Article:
To confirm the key genes identified by the above analyses, we performed RT-PCR, IHC, and survival analysis of these hub genes by using Changzheng RCC database. Most of these hub genes, except EGF, were upregulated DEGs, which were validated in 40 paired renal cancer and paracancerous tissues of Changzheng RCC database (Figure 3, supplementary Figure 2). Survival analyses were performed using Kaplan–Meier plotter. The high expression of CD44, CD86, FN1, and TLR2 was correlated with a poor patient survival rate in RCC (Figure 4, supplementary Figure 2). The high expression of EGFR and EGF was correlated with a significantly longer overall survival of RCC patients (Figure 4, supplementary Figure 2). The high expression of ITGAM and ITGB2 indicated poor survival of RCC patients, although without sufficient statistical significance (supplementary Figure 2). Besides, although VEGFA expression appears to be unrelated to patient outcomes, our analysis indicated that VEGFA remains to be one hub gene of RCC. Currently, sunitinib based on VEGFA/VEGFR target is the first line of treatment for advanced renal cancer.

3.5. The Key Role of Cell Adhesion-Related Molecules

We noticed that half of the top ten hub genes were cell adhesion-related molecules, including FN1, ITGAM, ITGB2, CD44, and CD86. These cell adhesion-related molecules were mainly enriched in plasma membrane and extracellular region (Figure 4(e)). These molecules were highly expressed in RCC tissues than normal tissues according to IHC score in tissue microarrays (Figure 4(e)). We also analyzed the correlation between cell adhesion-related molecules expression and clinicopathological traits in 160 cases of RCC patients (Changzheng cohort). The results suggested that FN1, ITGAM, ITGB2, CD44, and CD86 were expressed at substantially higher levels in tumors >4 cm than in tumors ≤4 cm, in Fuhrman III/IV grade tumors than in Fuhrman I/II grade tumors, and in the distant metastasis group than in the no metastasis group (Table 1). These results indicated that cell adhesion progress was involved in RCC progression.

In conclusion, our results indicated that these hub genes were significantly differentially expressed in renal cancer compared to adjacent tissues. In particular, cell adhesion and growth factor-related molecule play the pivotal role in RCC development and metastasis. These hub genes and related signaling pathways may be used as useful biological biomarkers and therapeutic targets for the treatment of RCC.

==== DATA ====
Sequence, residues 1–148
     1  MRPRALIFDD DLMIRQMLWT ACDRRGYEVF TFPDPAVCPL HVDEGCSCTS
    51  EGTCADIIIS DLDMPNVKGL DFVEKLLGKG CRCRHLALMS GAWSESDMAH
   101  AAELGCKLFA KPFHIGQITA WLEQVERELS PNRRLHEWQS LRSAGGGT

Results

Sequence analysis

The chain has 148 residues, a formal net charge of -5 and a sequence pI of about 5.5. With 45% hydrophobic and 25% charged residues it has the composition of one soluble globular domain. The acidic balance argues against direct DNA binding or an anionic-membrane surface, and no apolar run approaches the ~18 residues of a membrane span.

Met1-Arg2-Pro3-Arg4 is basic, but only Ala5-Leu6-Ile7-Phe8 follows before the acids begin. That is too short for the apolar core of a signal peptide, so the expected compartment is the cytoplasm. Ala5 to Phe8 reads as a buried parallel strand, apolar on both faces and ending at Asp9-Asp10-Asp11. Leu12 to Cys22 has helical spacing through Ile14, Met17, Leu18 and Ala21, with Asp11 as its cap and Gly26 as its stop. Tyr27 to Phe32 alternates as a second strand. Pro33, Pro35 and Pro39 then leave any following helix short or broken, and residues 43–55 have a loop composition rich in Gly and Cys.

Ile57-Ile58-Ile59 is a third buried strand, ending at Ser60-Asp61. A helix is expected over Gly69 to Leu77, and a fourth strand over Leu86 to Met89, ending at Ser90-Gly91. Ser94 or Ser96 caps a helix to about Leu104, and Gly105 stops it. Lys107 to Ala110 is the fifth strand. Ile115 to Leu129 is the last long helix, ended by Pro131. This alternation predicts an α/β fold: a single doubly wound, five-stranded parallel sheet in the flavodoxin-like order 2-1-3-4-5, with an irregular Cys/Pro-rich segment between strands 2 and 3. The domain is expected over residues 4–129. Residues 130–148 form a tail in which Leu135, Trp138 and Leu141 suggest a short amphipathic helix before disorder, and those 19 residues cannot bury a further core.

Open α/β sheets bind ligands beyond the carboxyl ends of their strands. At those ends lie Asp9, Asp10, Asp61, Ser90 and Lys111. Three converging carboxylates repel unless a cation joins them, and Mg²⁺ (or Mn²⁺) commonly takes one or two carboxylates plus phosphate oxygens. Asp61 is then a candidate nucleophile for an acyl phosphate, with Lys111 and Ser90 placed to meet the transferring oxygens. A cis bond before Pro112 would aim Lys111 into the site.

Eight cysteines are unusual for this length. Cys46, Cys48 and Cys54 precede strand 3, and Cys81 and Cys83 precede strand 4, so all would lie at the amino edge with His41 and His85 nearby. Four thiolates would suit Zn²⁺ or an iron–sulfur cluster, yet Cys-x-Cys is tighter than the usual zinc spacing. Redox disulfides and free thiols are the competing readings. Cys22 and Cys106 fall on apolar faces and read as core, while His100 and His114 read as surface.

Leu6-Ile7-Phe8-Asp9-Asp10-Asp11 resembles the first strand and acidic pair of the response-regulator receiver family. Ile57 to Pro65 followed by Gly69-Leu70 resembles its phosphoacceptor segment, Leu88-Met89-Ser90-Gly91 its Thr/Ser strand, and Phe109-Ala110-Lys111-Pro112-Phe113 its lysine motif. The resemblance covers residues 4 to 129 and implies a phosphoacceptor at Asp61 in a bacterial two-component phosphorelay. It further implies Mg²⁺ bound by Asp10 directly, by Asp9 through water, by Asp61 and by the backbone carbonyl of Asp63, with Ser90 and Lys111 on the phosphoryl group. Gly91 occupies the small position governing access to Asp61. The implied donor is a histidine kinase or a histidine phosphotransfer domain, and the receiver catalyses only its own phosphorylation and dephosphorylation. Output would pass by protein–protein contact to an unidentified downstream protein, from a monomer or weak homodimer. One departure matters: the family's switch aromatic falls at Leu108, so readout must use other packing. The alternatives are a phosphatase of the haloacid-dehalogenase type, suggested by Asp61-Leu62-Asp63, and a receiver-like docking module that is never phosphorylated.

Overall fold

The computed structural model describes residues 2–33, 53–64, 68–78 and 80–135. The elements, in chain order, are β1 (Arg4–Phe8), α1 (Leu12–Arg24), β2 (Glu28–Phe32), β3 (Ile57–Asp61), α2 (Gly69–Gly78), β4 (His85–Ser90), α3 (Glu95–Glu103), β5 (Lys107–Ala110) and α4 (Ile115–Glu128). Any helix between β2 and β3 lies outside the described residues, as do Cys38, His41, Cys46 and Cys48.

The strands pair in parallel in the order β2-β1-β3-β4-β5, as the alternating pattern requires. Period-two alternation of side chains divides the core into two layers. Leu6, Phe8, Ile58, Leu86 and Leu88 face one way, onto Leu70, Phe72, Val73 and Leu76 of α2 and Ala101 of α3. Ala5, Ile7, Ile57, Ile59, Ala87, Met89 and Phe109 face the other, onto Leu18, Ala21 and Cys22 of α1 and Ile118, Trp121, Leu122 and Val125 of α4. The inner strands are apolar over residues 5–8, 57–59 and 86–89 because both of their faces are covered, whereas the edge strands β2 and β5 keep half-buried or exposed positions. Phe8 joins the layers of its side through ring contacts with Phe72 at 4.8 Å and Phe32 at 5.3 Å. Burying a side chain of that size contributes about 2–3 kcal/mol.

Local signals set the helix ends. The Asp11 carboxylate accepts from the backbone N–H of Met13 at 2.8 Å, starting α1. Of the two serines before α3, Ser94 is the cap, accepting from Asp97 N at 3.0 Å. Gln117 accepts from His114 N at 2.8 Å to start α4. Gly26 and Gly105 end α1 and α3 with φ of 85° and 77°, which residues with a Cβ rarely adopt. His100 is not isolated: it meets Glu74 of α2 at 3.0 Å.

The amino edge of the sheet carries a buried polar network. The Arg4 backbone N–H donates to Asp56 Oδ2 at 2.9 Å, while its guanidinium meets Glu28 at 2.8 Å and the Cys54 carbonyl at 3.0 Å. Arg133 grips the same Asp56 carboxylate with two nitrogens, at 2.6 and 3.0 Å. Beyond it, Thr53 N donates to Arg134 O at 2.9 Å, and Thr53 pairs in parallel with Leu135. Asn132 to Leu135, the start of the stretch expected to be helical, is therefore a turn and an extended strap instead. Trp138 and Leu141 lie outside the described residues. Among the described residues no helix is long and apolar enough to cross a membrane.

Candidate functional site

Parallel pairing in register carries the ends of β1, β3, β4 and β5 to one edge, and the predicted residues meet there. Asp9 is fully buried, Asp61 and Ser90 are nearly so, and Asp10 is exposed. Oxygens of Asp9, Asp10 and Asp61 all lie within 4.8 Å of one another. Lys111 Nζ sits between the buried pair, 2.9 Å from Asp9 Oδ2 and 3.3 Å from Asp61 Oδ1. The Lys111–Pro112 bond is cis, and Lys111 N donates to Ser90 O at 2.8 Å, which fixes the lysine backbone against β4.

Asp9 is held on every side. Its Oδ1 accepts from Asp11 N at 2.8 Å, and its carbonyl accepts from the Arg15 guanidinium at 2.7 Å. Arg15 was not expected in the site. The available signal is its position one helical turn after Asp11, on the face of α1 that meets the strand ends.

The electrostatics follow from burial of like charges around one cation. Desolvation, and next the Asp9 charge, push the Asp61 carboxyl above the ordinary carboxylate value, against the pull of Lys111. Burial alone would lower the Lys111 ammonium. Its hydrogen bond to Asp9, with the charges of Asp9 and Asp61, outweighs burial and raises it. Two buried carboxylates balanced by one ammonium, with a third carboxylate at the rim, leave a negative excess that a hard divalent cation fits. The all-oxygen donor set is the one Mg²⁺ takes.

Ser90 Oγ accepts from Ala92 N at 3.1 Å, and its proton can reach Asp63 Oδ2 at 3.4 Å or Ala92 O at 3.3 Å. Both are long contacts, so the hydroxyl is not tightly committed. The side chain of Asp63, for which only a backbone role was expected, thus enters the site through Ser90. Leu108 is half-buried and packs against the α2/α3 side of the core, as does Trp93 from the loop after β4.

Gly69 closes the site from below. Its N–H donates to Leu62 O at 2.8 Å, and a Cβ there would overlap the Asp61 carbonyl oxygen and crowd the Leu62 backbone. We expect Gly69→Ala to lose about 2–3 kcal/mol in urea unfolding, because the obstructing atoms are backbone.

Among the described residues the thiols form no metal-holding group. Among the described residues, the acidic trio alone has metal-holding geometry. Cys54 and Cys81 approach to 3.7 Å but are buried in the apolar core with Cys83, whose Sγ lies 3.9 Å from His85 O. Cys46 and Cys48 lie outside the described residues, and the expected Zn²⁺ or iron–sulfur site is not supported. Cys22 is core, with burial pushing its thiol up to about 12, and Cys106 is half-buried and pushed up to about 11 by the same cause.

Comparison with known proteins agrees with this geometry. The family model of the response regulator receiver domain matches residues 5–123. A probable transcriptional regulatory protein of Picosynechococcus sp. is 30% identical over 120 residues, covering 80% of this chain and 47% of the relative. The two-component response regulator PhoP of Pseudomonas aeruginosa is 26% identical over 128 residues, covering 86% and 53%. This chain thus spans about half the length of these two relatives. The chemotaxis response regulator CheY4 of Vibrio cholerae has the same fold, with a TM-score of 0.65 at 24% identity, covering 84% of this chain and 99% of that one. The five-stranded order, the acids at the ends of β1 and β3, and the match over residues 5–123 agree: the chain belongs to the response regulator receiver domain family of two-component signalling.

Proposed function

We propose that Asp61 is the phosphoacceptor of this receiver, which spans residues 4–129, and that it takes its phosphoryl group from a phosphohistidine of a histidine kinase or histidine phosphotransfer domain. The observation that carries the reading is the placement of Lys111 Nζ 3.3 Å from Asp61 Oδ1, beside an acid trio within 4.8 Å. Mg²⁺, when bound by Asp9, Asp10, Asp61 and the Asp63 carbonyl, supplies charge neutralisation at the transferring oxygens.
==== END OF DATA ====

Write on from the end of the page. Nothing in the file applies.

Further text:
4. Discussion

RCC is a heterogeneous disease, in which gene mutation, intracellular component, and extracellular microenvironment synergistically influence tumor initiation and progression [5]. It is of critical importance to understand the potential mechanism underlying RCC. High-throughput sequencing and microarray analysis have been widely used to find potential diagnostic and therapeutic targets for RCC. In the present study, we analyzed these high-throughput sequencing samples of RCC, whose samples consisted of 662 RCC tissues and 235 normal tissues. We identified 416 upregulated and 418 downregulated DEGs between RCC and normal control samples. In order to better understand the interactions of DEGs, we performed a series of bioinformatics analyses on DEGs to find RCC-associated genes and pathways.

The GO term enrichment analysis showed that upregulated DEGs were mainly involved in extracellular matrix organization, interferon-gamma-mediated signaling pathway, and chemotaxis, and downregulated DEGs were mainly enriched in sodium ion homeostasis, negative regulation of growth, and gluconeogenesis. Extracellular matrix plays a crucial role in the development of RCC. Coincidentally, we also found multiple adhesion-related molecules in the hub genes. Cancer immune evasion is a major stumbling block in designing effective anticancer therapeutic strategies [18]. The strategy to interrupt immune checkpoints such as anti-PD-1 may unleash antitumor immunity and mediate durable cancer regressions. A recent clinical trial reported that nivolumab plus ipilimumab showed higher overall survival and objective response rates than sunitinib in advanced RCC patients [19]. Besides, ion transport in cancer cells differs substantially from normal cells [20].